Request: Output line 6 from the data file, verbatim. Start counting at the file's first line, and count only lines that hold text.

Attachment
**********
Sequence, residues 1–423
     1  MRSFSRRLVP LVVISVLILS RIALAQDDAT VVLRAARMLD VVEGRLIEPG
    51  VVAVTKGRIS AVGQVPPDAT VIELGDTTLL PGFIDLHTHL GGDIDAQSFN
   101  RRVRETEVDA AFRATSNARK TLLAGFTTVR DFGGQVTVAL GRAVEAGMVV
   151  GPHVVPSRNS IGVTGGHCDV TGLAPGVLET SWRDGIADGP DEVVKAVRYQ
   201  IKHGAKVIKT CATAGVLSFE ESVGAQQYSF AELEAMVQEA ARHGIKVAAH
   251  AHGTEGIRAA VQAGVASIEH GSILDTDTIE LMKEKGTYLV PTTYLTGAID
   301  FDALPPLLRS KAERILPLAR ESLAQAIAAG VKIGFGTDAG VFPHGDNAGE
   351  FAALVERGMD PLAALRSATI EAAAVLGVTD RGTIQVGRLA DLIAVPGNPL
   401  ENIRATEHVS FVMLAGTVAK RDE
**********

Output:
   201  IKHGAKVIKT CATAGVLSFE ESVGAQQYSF AELEAMVQEA ARHGIKVAAH